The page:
BERLIN — New EM.TV topper Werner Klatten pledged at his first shareholders meeting Wednesday to bring the beleaguered kidvidder into profit by 2003 by drastically streamlining operations.
Finance chief Rolf Rickmeyer added that its core businesses like TV tyke content (not including writeoffs from various for-sale holdings) might even be out of the red this year. EM.TV suffered losses of around $1.2 billion last year.
Describing the company as badly structured and unmanageable, Klatten said he was looking at selling off its stake in Formula One motor racing, the 45% holding in the Tele-Munchen Group and Muppets shop the Jim Henson Co.
EM.TV holds a 37% stake in Formula One marketing company SLEC but that will be cut to 17% if media giant the Kirch Group, which holds another 37% in SLEC, cashes in a $1 billion convertible loan it put up for an increased share in the outfit, which is likely to happen.
Formula One automakers, who have been threatening to start their own racing event since Kirch came into the picture, have opened their arms to the new topper.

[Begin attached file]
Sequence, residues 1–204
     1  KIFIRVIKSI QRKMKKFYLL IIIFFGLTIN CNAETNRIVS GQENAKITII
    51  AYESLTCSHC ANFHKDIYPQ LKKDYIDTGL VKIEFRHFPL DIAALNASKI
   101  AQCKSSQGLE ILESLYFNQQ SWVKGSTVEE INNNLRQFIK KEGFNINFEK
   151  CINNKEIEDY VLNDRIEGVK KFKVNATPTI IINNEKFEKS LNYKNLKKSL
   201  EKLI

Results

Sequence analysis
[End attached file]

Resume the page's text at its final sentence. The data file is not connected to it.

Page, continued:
Klatten emphasized at Wednesday’s meeting in Munich that he would like to see the company more independent from Kirch, which bailed it out earlier this year.
He also stated that his own 25% stake in EM.TV, which he bought from founder and outgoing boss Thomas Haffa last week, was not financed by the media giant. Last week, Klatten dismissed rumors that German automaker BMW had bankrolled his estimated $85 million purchase when it was made public that his sister-in-law is a member of the Quandt family, which owns 47% of the car company.
Haffa was lambasted by angry shareholders after the news of his ankling. A rep of DSW, a German stock-owners watchdog group, called Haffa’s resignation dubious, adding that it was an escape from responsibility.